Combined heat and power (CHP, also known as cogeneration or trigeneration), utilizes wasted heat from electric generation to increase the efficiency of power plants. Traditional power plants effectively convert only 40% of fuel energy into electricity, while 60% of energy is rejected or “wasted” as heat vented through a smokestack or released to a local body of water.
In a CHP plant, rejected heat is recovered to create steam, hot water, or chilled water to heat or cool a surrounding network of buildings through a district energy system. By utilizing the thermal byproduct of electric production, CHP plants regularly see fuel efficiencies of 70% - 85%or higher. This technology makes a district energy system an attractive energy solution for downtown areas, college campuses, or industrial entities that show a significant demand for thermal energy.
CHP dramatically increases power plant efficiency thus reducing fuel costs, carbon emissions, and detriment to the local environment. Implementation of CHP is often driven by reliability requirements for mission critical facilities (such as hospitals, data centers, or research labs), sustainability needs, fuel diversity, and local sources of power generation.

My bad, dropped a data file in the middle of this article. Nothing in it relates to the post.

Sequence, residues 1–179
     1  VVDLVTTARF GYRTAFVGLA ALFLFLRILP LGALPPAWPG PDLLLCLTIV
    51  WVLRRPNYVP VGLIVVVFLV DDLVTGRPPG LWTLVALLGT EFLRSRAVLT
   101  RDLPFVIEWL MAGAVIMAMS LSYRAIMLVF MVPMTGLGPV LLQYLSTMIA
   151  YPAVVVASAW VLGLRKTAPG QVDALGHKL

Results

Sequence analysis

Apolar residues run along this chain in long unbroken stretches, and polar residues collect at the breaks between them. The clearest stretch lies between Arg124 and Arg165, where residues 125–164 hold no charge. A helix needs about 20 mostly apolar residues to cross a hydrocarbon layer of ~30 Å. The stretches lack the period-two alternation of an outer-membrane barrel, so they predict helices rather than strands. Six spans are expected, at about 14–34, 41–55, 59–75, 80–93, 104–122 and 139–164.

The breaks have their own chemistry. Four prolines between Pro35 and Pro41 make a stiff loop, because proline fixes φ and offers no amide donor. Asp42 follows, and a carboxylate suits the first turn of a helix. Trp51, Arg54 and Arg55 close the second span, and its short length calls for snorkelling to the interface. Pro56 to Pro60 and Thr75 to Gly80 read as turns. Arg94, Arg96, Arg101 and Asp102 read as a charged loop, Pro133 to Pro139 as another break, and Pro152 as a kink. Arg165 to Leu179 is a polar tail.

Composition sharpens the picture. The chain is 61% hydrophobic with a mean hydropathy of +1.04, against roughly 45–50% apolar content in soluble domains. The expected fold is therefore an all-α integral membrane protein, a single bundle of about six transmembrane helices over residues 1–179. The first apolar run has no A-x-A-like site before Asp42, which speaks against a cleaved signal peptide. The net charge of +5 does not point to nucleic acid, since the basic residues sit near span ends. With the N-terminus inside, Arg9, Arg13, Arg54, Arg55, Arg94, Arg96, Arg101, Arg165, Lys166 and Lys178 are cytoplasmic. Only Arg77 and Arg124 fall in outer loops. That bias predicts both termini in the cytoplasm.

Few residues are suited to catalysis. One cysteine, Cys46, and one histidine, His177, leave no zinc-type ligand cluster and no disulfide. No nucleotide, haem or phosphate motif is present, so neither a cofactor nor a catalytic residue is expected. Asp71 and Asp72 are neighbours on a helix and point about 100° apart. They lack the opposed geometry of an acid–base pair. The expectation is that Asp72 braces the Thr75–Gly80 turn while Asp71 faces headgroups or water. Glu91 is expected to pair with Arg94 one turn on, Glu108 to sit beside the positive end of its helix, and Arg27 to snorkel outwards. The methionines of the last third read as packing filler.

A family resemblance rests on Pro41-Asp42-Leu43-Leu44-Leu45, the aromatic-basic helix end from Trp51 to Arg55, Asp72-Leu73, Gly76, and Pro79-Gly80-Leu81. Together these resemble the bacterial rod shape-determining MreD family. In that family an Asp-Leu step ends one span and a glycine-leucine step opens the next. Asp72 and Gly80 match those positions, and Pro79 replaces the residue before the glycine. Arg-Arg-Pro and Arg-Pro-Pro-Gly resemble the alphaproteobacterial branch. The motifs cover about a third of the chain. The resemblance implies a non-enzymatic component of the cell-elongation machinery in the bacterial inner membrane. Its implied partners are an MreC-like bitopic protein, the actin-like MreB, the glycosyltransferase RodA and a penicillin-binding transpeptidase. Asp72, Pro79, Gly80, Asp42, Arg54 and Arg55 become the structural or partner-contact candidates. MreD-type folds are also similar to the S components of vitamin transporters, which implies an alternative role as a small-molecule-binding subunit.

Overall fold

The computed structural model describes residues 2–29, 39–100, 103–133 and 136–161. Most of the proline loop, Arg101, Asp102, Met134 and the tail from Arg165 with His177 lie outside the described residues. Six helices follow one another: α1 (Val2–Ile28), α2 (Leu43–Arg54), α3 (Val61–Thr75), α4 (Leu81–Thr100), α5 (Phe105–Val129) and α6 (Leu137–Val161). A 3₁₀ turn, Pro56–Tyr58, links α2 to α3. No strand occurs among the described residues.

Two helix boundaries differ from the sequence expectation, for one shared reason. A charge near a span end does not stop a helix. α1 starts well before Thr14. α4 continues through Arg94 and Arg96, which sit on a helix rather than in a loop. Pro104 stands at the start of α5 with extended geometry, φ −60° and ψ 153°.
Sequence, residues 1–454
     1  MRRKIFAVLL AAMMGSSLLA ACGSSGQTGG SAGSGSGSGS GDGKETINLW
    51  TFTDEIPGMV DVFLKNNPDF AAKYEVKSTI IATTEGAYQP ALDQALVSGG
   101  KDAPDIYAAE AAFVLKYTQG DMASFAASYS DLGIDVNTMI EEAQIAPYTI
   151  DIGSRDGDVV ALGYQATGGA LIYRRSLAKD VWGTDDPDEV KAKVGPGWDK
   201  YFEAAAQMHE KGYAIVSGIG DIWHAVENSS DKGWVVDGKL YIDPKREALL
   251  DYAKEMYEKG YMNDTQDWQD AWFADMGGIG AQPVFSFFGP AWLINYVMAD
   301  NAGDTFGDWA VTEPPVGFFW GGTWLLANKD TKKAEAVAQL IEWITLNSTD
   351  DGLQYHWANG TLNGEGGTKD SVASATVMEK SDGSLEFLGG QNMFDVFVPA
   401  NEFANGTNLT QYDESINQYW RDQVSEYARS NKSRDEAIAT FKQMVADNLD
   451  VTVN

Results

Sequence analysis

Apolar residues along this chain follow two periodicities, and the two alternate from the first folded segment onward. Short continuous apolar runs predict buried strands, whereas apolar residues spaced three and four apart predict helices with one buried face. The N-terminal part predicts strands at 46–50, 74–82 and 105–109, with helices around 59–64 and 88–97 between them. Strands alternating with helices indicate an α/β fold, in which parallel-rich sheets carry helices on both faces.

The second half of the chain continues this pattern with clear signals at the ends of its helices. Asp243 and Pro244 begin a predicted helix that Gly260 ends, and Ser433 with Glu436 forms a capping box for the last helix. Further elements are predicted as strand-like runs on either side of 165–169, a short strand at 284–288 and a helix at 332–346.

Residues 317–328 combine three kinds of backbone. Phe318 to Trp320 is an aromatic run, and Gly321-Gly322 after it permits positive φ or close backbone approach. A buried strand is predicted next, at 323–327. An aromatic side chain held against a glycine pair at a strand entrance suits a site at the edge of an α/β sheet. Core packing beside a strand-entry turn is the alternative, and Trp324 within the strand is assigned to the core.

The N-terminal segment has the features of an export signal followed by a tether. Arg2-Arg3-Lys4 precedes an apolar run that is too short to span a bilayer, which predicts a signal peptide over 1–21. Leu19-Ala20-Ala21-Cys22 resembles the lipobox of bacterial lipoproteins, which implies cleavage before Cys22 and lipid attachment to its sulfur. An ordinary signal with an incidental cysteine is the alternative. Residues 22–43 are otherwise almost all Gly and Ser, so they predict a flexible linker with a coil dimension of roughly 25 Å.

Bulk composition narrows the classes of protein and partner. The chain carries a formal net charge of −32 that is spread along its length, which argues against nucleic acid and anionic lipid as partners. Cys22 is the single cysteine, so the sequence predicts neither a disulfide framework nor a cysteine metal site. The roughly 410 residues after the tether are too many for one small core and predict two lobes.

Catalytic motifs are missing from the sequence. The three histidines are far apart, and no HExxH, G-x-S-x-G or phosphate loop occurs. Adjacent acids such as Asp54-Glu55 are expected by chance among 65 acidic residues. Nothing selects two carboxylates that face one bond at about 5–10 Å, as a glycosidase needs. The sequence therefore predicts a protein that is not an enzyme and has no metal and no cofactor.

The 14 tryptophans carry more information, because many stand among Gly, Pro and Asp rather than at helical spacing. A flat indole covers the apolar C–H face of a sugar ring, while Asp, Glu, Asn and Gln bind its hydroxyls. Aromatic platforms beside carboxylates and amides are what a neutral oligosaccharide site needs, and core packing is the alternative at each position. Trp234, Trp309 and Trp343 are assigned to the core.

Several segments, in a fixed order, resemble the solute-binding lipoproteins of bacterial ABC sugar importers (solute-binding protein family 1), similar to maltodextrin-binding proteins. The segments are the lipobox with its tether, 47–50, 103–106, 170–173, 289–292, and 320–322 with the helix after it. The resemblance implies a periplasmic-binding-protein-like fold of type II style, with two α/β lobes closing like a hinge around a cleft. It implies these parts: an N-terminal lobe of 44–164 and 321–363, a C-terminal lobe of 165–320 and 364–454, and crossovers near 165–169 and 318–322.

District energy systems are well suited for CHP because they expand the potential thermal load, reduce the requirement for capital investment, and provide economies of scale that enable technologies like thermal energy storage or biomass more economical.
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Burns & McDonnell
University of Texas at Austin
24 Lyman Street, Suite 230
Westborough, MA 01581 USA
Phone +1 (508) 366-9339
Fax +1 (508) 366-0019
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